Big Brother and His Friendly Uncle Sam
I believe it was eight years too late and I was in the 10th grade when I first read George Orwell’s dystopian classic, 1984. Maybe it was because the dreaded year had already come and gone when I was seven years old, or maybe it was because I was still so naïve about all things, including Pete Rose’s innocence. Or maybe it was because the 1992 world around me in small-town Mississippi was so much more optimistic and quaint than what I read in the novel. Whatever the reason, Mr. Orwell’s story seemed to be nothing more than a bad dream, not unlike others I’d had following a mistimed chili dog right before bed. However, three years later, as I was enrolling at Mississippi State and typing “www” for the first time, my whole world rapidly began to change. At first, I realized nothing but upside when a lifetime’s worth of information was suddenly accessible to me in less than 10 minutes. Over the course of the next 25 years, I would slowly start to realize that this also meant the information about my life was instantaneously accessible to everyone else.
Others are coming to this realization as well, which has generated a recent push for privacy legislation all the way from Europe—where government leaders recently passed the General Data Protection Regulation limiting the collection and use of information belonging to EU citizens—to California, where that state’s Consumer Privacy Act, passed in 2018, aims to do largely the same thing for its citizens. In the latter case, the implementation of such protections in the United States, and the compliance with those regulations by businesses outside of California, can be complicated by the internet itself. After all, if I run a business in Mississippi, how am I supposed to keep track of whether or not a California customer requiring different treatment has shown interest in my online offerings? And why should I care if my state’s expectations of my business are so much lower than California’s? It is for this very reason that Congress is in the middle of a debate over whether federal privacy legislation is necessary and how such legislation should be crafted with respect to the preemption of state law.
To be clear, federal preemption is not a new battleground, and in the area of banking law in which I practice, it is a story almost as old as our country itself. (See McCulloch v. Maryland, 17 US [4 Wheat.] 316 , with apologies to my fellow attorneys for the constitutional law flashback.) However, technology is about to give this story a brand-new chapter, especially in the banking world.
For its part, the Trump administration evidently considers this brave new world a positive development, or at least a necessary one for the US to continue as a political and economic leader in the world, and this administration seems intent on doing everything it can to make sure that local concerns about privacy or states’ rights don’t get in the way. In July 2018, the Office of the Comptroller of the Currency (OCC) began accepting applications for national bank charters from non-depository fintech companies engaged in the business of banking, despite the fact that such companies would not meet the traditional, regulatory definition of a bank because of their lack of insured deposits. The OCC’s resolve remains steely despite determined legal challenges from the Conference of State Bank Supervisors and the New York Department of Financial Services—challenges that were originally dismissed for not being ripe before the application invitation was formally issued last summer, but that were refiled in October following the official request for applications.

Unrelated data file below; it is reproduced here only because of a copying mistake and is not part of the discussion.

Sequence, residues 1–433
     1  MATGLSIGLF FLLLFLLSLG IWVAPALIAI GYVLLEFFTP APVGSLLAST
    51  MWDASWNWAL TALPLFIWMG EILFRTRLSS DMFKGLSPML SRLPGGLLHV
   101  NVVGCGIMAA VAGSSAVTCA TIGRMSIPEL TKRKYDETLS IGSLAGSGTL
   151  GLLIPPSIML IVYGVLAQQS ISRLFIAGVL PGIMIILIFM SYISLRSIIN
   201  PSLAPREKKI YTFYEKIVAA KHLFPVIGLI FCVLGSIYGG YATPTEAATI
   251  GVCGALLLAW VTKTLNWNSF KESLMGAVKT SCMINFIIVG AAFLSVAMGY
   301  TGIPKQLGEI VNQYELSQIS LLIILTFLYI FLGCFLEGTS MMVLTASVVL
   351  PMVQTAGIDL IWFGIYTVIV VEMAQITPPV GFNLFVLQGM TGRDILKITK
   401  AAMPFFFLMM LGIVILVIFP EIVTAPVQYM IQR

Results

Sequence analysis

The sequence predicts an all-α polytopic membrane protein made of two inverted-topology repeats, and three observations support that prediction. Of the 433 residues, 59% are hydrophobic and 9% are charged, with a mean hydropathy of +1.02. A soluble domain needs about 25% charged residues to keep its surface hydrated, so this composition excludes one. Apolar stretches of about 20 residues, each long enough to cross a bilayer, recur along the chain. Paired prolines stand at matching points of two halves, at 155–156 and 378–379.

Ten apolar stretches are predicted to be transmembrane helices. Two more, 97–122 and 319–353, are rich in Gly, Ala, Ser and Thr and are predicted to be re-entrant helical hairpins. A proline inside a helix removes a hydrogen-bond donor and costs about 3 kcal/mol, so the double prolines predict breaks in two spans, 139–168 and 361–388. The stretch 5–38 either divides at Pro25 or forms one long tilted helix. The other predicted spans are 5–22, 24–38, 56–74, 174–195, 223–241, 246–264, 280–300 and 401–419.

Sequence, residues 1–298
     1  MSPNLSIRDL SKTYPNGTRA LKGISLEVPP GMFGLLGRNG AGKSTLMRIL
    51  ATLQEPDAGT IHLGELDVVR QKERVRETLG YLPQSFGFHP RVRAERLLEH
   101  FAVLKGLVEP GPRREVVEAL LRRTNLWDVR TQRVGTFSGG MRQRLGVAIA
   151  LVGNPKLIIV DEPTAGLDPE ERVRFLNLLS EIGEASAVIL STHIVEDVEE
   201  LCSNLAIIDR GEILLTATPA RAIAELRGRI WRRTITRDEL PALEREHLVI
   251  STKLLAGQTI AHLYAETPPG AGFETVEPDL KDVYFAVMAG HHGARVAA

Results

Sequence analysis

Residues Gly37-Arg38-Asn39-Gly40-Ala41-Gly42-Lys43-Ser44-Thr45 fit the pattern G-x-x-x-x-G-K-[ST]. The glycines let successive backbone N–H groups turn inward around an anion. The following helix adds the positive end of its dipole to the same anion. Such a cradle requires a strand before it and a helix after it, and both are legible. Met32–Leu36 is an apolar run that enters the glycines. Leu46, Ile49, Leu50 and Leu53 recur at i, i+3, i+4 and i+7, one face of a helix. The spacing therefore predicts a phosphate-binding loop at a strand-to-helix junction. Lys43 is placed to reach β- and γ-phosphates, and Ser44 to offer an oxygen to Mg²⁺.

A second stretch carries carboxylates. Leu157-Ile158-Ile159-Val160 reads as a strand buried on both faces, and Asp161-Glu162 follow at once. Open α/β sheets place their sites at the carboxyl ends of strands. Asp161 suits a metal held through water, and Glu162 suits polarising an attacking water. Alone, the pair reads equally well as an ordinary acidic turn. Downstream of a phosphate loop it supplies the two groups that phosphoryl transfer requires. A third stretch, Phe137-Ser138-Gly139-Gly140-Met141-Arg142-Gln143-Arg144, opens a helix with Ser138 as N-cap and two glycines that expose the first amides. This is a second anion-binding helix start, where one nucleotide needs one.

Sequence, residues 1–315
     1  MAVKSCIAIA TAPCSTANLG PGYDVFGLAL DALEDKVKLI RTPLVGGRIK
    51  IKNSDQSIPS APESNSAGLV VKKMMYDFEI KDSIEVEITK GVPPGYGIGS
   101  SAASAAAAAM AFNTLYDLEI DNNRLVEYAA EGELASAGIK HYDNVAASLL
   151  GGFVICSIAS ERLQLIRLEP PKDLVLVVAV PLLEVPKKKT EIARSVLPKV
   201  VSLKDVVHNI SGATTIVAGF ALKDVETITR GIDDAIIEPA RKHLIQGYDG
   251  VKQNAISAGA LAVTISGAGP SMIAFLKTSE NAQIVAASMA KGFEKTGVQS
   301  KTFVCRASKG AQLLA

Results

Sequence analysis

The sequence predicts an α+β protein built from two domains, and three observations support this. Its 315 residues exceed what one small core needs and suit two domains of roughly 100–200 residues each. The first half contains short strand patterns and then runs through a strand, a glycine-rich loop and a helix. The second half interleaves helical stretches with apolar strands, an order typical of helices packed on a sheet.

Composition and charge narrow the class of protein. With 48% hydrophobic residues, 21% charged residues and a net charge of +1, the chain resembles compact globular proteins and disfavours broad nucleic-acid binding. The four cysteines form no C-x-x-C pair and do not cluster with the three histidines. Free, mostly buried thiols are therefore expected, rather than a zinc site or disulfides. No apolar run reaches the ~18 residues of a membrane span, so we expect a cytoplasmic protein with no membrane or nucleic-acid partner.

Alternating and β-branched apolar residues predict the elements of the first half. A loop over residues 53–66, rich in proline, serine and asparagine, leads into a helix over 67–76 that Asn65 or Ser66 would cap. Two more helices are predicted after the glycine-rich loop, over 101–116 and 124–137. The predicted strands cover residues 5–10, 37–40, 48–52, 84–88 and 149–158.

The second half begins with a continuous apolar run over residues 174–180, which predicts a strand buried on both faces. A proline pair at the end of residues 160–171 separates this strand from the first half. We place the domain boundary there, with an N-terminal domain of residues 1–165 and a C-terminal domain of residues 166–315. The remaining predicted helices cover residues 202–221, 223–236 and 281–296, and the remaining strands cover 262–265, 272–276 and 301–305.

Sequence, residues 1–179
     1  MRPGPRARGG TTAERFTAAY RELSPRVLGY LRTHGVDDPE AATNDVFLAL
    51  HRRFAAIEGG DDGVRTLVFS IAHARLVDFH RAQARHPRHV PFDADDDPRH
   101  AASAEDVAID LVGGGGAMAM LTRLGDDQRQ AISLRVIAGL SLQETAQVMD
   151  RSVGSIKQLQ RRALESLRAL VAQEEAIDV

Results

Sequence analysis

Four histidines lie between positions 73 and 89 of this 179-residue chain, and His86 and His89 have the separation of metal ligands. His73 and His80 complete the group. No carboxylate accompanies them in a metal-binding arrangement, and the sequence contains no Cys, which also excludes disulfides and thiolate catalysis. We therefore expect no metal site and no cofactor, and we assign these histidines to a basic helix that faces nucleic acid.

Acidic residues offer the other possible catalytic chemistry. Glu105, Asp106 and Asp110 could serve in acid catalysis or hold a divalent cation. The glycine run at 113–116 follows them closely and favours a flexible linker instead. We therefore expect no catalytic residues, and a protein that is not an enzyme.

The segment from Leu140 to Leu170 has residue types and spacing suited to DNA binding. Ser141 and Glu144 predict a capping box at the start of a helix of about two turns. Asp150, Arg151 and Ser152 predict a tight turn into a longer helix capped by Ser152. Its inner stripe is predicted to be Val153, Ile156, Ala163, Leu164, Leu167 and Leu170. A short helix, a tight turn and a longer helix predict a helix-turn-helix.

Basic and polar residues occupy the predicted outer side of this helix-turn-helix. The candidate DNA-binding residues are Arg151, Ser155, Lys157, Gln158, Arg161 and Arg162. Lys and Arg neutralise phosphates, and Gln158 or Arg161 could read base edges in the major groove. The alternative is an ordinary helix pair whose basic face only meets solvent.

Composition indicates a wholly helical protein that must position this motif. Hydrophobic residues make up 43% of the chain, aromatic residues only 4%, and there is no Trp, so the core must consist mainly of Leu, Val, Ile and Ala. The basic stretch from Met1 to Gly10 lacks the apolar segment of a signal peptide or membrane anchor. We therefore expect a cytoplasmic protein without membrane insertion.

Then, in December, Uncle Sam’s newest consumer cop—that champion of business-friendly policies named the Consumer Financial Protection Bureau (CFPB)—showed that it has gotten with the program, when it issued a proposed Policy on No-Action Letters and the BCFP Product Sandbox. The proposal included a revision to the CFPB’s 2016 Policy on No-Action Letters that provides for (1) the issuance of no-action letters to technologically advanced companies, protecting them from certain regulatory actions if they play by certain rules, and (2) the creation of a regulatory sandbox that would not only include no-action relief but also exempt participants from both state and federal consumer laws if they agree to maintain close contact with the CFPB. As you might imagine, this generous offer resulted in a backlash from 22 Democratic state attorneys general who sent a letter to the CFPB in February, informing the agency that they did not believe the CFPB could give such a blanket safe harbor to sandbox participants because it protects them from enforcement by state authorities, especially since the policy was not issued as a more formal rulemaking subject to a notice and comment period.
These preemption skirmishes are just the beginning of this war. As a matter of fact, President Trump issued an executive order in February that called on federal agencies to develop rules for integrating artificial intelligence into the private sector, reinforcing that the administration is determined for the federal government to take the lead on encouraging technologically friendly government policy. It is evident that Uncle Sam is not going to let this little turf battle get in the way of “progress,” and states determined to protect their residents from the looming threat of Big Brother have many battles yet to fight. I’m sure Mr. Orwell would be very interested to see how this turns out.